Inspiring Research in Immunotherapy
“Immunotherapy represents a new frontier in genitourinary cancers,” says Charles G. Drake, MD, PhD, Director, Genitourinary Oncology and Co-Director of Cancer Immunotherapy, NewYork-Presbyterian/Columbia University Irving Medical Center. “We are looking at how these therapies can be used synergistically with traditional therapies in prostate, kidney, and other urological cancers to improve outcomes.” Under Dr. Drake’s leadership, the GU oncology group at Columbia has nearly 30 ongoing clinical trials.
When Dr. Drake’s research team discovered that standard hormonal therapy, despite initially appearing to activate the immune system to attack prostate cancer, is in fact leaving prostate cancer cells behind, they turned their attention to a chemical called interleukin-8 (IL-8). “The cancer cells that do not respond to hormonal therapy secrete IL-8, which attracts a population of cells that turns off an immune response to the tumor,” explains Dr. Drake. “There are a number of ways to target these cells. Our idea was to stop them from ever getting in there in the first place. IL-8 leaves a ‘trail of bread crumbs’ that these harmful, suppressive immune cells use to find their way into the tumor. By blocking IL-8, we could conceal this trail, preventing the suppressive cells from entering the tumor.”
Dr. Drake and his colleague Matthew Dallos, MD, have turned this hypothesis into an innovative 60-patient trial in which androgen deprivation therapy (ADT) is combined with a novel drug aimed at preventing suppressive myeloid cells from entering the prostate tumor microenvironment at the time of therapy. “To me, this is the most exciting immunotherapy trial in all of GU cancer,” says Dr. Drake. “These are patients who have high risk prostate cancer that recurred after surgery or radiation. The MAGIC-8 study will test whether nivolumab, an anti-PD-1 antibody, with or without anti-IL-8 therapy, combined with a short course of hormonal therapy, promotes anti-tumor immune responses that prolong time to disease relapse in men with early prostate cancer.”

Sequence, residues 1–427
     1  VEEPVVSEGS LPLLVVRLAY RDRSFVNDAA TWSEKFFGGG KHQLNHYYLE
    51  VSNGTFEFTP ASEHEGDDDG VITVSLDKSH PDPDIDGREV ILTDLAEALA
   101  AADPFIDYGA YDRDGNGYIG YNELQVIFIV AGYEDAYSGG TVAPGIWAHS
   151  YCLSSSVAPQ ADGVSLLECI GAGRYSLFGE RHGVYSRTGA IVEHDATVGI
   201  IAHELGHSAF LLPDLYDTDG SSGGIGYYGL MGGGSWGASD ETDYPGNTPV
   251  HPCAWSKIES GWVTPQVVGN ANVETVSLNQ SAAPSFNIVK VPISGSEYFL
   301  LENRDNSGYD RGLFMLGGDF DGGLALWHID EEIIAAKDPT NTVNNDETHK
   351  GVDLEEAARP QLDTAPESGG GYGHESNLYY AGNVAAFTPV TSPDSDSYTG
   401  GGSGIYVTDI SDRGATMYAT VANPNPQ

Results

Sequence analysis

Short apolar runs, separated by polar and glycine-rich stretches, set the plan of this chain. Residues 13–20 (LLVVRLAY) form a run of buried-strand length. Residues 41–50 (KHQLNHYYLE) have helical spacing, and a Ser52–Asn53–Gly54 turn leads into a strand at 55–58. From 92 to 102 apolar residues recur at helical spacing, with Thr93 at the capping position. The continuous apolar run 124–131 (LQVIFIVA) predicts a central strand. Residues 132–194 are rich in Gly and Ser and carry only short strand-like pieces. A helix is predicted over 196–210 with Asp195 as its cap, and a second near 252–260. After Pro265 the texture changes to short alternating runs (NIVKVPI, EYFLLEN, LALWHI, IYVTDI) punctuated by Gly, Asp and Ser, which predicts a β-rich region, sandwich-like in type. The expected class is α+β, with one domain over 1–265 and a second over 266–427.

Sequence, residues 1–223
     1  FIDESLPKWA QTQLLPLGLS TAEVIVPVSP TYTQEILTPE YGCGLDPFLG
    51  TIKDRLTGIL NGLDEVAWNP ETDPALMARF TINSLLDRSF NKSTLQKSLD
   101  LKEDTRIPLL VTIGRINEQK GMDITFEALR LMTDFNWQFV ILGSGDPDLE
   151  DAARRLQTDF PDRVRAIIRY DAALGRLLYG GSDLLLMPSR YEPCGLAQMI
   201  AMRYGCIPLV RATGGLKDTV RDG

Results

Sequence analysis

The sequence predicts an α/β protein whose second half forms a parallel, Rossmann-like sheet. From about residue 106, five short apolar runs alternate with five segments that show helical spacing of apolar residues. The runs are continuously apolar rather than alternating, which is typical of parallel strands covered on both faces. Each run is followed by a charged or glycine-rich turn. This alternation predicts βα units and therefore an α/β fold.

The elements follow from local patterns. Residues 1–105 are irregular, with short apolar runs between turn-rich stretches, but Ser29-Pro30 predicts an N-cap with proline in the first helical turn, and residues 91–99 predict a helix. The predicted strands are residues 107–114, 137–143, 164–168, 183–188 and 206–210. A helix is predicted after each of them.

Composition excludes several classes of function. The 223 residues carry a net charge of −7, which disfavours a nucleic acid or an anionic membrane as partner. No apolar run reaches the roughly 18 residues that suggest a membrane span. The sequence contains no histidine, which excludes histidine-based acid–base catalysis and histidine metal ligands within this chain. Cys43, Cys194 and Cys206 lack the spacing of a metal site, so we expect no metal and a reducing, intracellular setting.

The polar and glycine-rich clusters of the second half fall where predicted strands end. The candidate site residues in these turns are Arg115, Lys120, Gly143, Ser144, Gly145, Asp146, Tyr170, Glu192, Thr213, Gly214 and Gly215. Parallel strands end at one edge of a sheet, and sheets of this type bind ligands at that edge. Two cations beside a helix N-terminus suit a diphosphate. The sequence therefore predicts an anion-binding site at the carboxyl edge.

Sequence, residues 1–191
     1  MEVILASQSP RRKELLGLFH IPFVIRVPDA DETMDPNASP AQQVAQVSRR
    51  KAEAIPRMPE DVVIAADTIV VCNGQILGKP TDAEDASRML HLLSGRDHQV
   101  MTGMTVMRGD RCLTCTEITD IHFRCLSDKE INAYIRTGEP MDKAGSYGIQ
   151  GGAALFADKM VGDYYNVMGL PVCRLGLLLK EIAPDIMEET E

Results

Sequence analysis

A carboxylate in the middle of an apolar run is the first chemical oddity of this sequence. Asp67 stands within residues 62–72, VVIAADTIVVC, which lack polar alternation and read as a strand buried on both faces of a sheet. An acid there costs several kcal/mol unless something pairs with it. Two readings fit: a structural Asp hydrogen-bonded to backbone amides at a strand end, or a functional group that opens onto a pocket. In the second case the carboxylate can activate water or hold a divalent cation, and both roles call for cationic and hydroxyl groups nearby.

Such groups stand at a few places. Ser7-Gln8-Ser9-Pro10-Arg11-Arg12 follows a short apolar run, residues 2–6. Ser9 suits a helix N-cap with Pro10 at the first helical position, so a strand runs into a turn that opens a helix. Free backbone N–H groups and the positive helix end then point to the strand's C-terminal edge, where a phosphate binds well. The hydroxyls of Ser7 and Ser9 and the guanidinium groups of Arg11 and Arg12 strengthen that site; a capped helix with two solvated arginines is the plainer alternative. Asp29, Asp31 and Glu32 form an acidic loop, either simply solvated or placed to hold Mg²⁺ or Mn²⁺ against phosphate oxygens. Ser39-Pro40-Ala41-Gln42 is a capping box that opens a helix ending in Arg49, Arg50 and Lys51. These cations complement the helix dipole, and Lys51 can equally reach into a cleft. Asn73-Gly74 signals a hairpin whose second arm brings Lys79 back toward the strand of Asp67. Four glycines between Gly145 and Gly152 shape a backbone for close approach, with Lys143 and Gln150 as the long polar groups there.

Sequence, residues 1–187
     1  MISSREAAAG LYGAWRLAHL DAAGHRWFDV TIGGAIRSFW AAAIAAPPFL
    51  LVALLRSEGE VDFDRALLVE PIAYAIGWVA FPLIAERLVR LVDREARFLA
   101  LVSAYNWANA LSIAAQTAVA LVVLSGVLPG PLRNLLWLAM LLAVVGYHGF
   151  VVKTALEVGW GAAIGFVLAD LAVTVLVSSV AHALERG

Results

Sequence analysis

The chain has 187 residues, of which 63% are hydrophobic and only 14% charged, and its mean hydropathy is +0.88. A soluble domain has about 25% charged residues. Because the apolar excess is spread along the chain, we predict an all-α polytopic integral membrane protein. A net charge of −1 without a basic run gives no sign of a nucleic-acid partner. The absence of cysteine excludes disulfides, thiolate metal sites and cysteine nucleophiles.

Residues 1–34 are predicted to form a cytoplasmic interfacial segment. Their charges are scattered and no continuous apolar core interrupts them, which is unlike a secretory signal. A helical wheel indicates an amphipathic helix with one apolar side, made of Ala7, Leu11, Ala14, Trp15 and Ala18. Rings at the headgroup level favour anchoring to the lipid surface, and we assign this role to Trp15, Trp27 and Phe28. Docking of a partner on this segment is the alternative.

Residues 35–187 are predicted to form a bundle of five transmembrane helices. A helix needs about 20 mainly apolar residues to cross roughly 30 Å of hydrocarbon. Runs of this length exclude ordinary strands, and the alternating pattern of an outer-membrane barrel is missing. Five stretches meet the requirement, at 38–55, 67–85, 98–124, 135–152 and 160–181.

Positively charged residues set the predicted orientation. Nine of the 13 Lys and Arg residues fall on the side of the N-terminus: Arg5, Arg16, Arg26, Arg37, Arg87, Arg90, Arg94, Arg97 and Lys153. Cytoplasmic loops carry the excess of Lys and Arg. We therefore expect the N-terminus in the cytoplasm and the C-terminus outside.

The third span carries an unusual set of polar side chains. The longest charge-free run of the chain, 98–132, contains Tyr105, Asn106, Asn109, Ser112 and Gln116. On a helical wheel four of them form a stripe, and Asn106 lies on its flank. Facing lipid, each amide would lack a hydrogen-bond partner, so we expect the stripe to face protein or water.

“In prostate cancer we might be getting a second chance at cure,” says Dr. Drake. “If the surgery or the radiation isn’t successful, attacking the tumor with this combination therapy when the cancer first recurs might lead to long-term remission.” MAGIC-8 is currently accruing patients at Columbia, Weill Cornell Medicine, and Thomas Jefferson University.
“ We are looking at how immunotherapies can be used synergistically with traditional therapies in GU cancers to improve outcomes.”
— Dr. Charles G. Drake
A first-of-its-kind pilot study has recently begun at Columbia for patients who present with stage III kidney cancer. “These patients are typically candidates for radical nephrectomy, but surgery will cure only about half of those patients,” says Dr. Drake. “This trial will evaluate the benefit of providing PD-1 targeted therapy in combination with a novel therapy directed against interleukin-1 (IL-1) before surgery to target myeloid-derived suppressor cells with the prospect of increasing the chance for cure.”
The study is, in part, informed by the research of David Aggen, MD, PhD, a former hematology/oncology fellow at Columbia, who showed that interleukin 1 is the “bad actor” in kidney cancer, supporting the growth and health of cells that are suppressive and turn off the tumor immune response. “What is particularly interesting about this trial is that not only are we trying to help the patients do better, but we are also trying to see if these two experimental drugs – canakinumab and spartalizumab – can modulate the tumor’s environment that promotes an anti-tumor immune attack,” says Dr. Drake.